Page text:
One of the regular WorkGoesStrong readers has asked for some ways to get started in investment, some simple and safe strategies for a beginning investor.
It's a topic that I plan on discussing often in the next few months given the uncertainty of the markets. Here's the first installment.
If investing in stocks makes you queasy, then maybe you should consider bonds. Not James. Corporate bonds.
Bonds are considered a safer investment than stocks because if a company goes into bankruptcy court protection, bondholders are first in line to get repaid, and stockholders are last in line to get repaid. That's a valuable fact to know given what's been going on in the economy.
In other words, when Delta Air Lines recently went through a bankruptcy court reorganization, the people who owned its stock got nothing. Nada. Zip. Zilch. However, the bondholders got something. What would you prefer?
A bond is like a mortgage. The company that issues the bonds needs money for some reason, so it sells bonds, typically worth $1,000 each, to investors. In return, the company promises to pay the investor a certain amount of money each year. This payment is known as the coupon.
On a $1,000 bond with a 7 percent annual interest rate, the coupon is $70 each year. At the end of the time period of the bond, known as the maturity date, the company repays the bondholder the $1,000 plus the coupon.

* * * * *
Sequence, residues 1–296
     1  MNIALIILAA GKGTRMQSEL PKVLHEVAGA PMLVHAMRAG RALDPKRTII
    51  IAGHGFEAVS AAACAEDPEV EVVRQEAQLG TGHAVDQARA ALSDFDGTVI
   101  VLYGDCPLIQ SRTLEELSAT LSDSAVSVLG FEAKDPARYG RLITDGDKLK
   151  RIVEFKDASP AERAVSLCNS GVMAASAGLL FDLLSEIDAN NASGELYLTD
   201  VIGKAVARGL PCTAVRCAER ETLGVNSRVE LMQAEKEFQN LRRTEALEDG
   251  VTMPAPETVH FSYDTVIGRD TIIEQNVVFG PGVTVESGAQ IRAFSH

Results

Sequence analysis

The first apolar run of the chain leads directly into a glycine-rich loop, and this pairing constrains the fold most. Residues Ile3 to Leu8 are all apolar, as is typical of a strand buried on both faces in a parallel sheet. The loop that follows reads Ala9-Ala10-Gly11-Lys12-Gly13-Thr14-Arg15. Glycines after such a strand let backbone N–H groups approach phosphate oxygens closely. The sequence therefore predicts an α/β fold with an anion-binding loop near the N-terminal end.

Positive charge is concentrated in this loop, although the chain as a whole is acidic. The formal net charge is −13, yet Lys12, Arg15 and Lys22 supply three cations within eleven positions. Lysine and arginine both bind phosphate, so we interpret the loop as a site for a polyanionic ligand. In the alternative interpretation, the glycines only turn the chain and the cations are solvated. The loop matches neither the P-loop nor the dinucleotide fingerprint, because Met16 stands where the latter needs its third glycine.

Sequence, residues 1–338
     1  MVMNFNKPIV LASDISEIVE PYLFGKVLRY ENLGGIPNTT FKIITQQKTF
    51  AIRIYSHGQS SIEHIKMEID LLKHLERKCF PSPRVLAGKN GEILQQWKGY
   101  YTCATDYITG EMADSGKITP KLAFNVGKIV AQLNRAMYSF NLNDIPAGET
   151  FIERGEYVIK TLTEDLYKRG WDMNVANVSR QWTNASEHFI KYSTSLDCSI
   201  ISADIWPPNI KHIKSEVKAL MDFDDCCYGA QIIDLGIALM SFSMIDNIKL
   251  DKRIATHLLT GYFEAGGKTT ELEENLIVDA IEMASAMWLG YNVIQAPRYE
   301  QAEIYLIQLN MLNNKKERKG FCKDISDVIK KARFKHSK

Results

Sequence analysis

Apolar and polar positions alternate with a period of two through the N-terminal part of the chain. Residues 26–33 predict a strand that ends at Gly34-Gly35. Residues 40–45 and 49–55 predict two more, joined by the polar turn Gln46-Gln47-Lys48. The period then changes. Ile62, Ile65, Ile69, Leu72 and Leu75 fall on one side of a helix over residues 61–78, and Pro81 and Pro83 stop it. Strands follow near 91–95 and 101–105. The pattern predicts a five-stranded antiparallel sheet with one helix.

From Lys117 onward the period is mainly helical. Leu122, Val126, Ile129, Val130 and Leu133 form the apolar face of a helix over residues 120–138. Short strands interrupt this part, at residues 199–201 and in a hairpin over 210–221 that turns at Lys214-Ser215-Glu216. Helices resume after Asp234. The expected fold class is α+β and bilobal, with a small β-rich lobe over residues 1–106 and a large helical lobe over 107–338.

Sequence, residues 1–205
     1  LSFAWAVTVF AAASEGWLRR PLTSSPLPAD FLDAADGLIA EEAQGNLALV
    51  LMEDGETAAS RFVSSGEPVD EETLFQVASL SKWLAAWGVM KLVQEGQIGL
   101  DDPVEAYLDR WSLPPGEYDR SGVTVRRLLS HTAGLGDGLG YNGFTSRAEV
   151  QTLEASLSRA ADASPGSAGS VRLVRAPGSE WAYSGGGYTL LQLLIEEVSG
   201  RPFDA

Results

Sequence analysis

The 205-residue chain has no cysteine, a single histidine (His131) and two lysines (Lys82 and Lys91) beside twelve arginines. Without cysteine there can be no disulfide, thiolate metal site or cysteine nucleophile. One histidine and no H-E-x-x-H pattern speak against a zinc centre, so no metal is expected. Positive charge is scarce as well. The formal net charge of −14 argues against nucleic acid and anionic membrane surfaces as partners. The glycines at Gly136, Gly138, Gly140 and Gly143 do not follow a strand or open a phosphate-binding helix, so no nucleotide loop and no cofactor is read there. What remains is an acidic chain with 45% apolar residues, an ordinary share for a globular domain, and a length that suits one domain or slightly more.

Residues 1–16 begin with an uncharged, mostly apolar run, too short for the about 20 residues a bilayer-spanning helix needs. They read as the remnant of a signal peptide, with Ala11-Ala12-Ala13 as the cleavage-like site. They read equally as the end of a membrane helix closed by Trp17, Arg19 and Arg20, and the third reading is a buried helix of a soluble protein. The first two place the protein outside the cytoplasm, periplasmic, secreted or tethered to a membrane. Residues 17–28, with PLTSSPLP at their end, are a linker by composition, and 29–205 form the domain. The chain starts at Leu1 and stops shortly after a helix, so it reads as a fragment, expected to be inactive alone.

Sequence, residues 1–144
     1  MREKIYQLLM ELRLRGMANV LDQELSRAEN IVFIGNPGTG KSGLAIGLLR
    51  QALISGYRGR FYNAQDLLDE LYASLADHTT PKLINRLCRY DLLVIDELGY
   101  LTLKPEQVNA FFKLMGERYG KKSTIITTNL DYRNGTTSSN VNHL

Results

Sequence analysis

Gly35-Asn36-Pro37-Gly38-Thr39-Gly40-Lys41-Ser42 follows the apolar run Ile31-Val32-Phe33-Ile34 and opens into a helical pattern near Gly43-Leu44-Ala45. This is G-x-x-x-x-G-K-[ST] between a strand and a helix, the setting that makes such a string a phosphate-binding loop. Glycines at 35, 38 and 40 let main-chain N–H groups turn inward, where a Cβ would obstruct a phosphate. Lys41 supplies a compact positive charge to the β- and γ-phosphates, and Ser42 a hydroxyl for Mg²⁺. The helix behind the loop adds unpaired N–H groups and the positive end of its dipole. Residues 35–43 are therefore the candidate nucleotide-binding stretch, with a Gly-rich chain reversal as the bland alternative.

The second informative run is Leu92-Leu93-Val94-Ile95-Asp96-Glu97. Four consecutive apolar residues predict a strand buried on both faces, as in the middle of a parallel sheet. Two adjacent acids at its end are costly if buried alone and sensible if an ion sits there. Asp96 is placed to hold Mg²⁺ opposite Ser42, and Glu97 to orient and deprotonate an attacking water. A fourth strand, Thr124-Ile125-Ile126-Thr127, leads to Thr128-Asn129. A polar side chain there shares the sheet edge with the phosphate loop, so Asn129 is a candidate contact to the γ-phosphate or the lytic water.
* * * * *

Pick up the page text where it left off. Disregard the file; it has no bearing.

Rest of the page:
Companies issue bonds because sometimes it can be difficult for them to go to a bank and ask the bank to loan them $400 million to build a new factory. Banks do not want to make such a large loan to one company because they fear that if the business is unable to pay the loan back, the bank itself will be stick. So instead, companies issue bonds and spread the risk around to hundreds and sometimes even thousands of investor.
When you're investing in bonds, check out the rating. The higher the rating, the safer the investment, according to the bond rating agency, which can be Standard & Poor's or Moody's or someone else.
Also, the higher the rating the lower the interest rate the bond pays. Companies with so-called hunk bond rating status — below BBB — typically offer higher interest rates to entice investors to purchase their bonds.
Bonds are also safer than stocks because the prices of corporate bonds do not fluctuate as much as the price of stocks. A bond that sells above its face value is considered to be selling at a premium. But there are many instances when the price of corporate bonds rarely moves despite large fluctuations in the company's stock price. And a corporate bond can sell close to its face value even when the stock price of the company falls dramatically.
To be sure, the opportunities for large gains are greater with stocks than bonds. If you're looking for something that can grow the same way stocks do, look for convertible bonds. These are bonds that can be converted into company stock and are often issued by small companies.
But if you're a first-time investor just beginning to dip your toes into the shark-infested waters of Wall Street, maybe you should start off with some bonds.